Before you start wondering about this kid, just realize, obviously, he’s not perfect. If he’s ready to wash his clothes, but someone else has theirs in the dryer, he will dump them in the nearest basket. Not folded. I haven’t yet trained him to treat others the way he’d like to be treated when it comes to laundry.

But I’m very thankful for all that he does. Occasionally, he’ll even clean his toilet and sink (if I ask and hand him the Scrubbing Bubbles with a rag.)

Thinking about him leaving for college doesn’t seem real. But he’s a boy that puts his clothes in the hamper. They’re not all over his bedroom floor. He doesn’t lose things. The boy is way too responsible when I think about it. His flaws include frying himself eggs and bacon for an afternoon snack and leaving the dirty pans behind. Or forgetting to rinse out his shaker after he’s drunk his 3rd protein shake of the day.

I don’t mind washing those dishes. Wow! He can cook. How did this happen? I didn’t know how to cook eggs until after I was married. (And the first few times didn’t go so well. They were more like soup.) I don’t feel like I can take credit for the son he’s become. He has an inner drive that comes from within.

Adding him to the family plan at the gym was a great idea. People look at him and wonder how he’s gotten so big. He’s all muscle. A year ago when he surprised everyone at the bench-a-thon and went from benching 205 lbs. to 325 lbs. in a year, they screamed steroids. Really, it’s just a hard work ethic. He works out in football practice and then drives across the street to the gym and works out some more. That’s nothing his dad and I did. It’s an inner drive.

But all those weights changed his clothing size a little. The size he wore in the fall, looked ridiculous. When he tried them on at home, we all got a good laugh. The shorts and dress pants were too tight. The dress shirt choked him.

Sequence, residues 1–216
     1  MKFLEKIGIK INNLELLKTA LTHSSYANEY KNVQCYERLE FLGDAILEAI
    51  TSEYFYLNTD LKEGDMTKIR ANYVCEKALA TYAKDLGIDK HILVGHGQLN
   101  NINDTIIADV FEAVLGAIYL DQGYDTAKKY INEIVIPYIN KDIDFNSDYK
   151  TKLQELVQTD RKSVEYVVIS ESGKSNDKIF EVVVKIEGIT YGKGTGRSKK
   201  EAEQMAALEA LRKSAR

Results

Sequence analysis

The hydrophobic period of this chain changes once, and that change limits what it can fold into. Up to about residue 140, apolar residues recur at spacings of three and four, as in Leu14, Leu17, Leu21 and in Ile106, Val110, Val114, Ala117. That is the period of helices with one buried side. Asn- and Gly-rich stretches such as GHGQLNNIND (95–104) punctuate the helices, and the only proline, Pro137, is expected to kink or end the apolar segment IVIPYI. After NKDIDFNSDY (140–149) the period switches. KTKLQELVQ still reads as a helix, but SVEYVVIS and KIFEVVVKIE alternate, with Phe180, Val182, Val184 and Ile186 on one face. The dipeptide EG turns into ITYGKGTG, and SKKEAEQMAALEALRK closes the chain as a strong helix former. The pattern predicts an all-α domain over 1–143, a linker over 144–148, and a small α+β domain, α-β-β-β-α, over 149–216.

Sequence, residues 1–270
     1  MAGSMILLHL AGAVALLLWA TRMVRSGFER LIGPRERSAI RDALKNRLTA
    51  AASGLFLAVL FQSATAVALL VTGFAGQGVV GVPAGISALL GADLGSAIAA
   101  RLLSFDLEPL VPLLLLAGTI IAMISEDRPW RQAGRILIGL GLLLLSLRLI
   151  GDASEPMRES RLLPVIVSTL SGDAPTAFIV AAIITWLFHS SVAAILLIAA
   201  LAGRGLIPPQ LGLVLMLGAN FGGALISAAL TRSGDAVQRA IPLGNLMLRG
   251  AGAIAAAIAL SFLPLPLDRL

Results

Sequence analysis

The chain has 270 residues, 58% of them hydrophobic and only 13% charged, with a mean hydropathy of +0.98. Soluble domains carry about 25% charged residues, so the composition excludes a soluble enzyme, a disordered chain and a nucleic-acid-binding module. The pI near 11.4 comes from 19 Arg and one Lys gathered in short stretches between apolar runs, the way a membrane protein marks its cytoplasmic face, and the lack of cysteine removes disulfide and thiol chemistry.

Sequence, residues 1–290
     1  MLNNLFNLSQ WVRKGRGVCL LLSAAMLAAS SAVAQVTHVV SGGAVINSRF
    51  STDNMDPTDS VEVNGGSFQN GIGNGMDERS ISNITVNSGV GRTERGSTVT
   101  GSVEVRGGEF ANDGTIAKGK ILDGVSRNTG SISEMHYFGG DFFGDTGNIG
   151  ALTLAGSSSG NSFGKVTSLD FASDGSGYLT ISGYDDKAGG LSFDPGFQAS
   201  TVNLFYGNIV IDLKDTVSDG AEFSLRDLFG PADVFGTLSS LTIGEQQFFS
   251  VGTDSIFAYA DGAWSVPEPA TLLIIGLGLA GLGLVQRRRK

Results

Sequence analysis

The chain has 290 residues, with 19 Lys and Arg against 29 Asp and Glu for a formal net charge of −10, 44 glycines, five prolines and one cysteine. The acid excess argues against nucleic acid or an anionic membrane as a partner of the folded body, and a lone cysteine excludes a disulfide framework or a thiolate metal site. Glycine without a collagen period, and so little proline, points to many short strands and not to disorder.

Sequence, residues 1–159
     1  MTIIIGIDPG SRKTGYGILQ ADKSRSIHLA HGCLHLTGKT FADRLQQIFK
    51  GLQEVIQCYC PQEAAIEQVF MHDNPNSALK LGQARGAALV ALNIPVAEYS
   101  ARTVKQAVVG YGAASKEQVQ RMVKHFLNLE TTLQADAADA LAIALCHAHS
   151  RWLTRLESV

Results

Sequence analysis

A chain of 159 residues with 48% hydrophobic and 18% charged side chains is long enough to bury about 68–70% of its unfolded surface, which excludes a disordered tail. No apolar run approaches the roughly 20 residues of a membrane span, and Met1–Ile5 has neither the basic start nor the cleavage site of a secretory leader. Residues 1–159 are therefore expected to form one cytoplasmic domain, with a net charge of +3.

Here’s the milestone. Even a year ago, he would have complained about having to go with me to return them. Try on other sizes. He probably would have bartered with me about getting out of going. There’s been times I’ve made three trips to a store before finding the right size. But no, my boy is growing up. He didn’t complain about going to take them back. In fact, he reminded me that we needed to do it.

And he asked about different shoes for the outfit. Actually picked out some dress shoes that he liked. I remember freshman year when we shopped for Homecoming. He complained about having to wear those dorky shoes.

He used to complain about dressing up. But the boy in front of me is now a man. Maybe a young man, but he is a man who is well on his way to figuring out who he is.

Outside the dressing room we discussed which slacks he preferred – flat front – not pleated. I’m still a little amazed that he had an opinion. He’s become his own person, and I’m not really sure when that happened.

Today my son turns seventeen. Tonight he becomes a senior in high school.

Excuse me while I go wash the ketchup-encrusted plates he left behind in the kitchen after finishing his three hot dog snack. I’m looking forward to it. One day, I’m gonna miss this.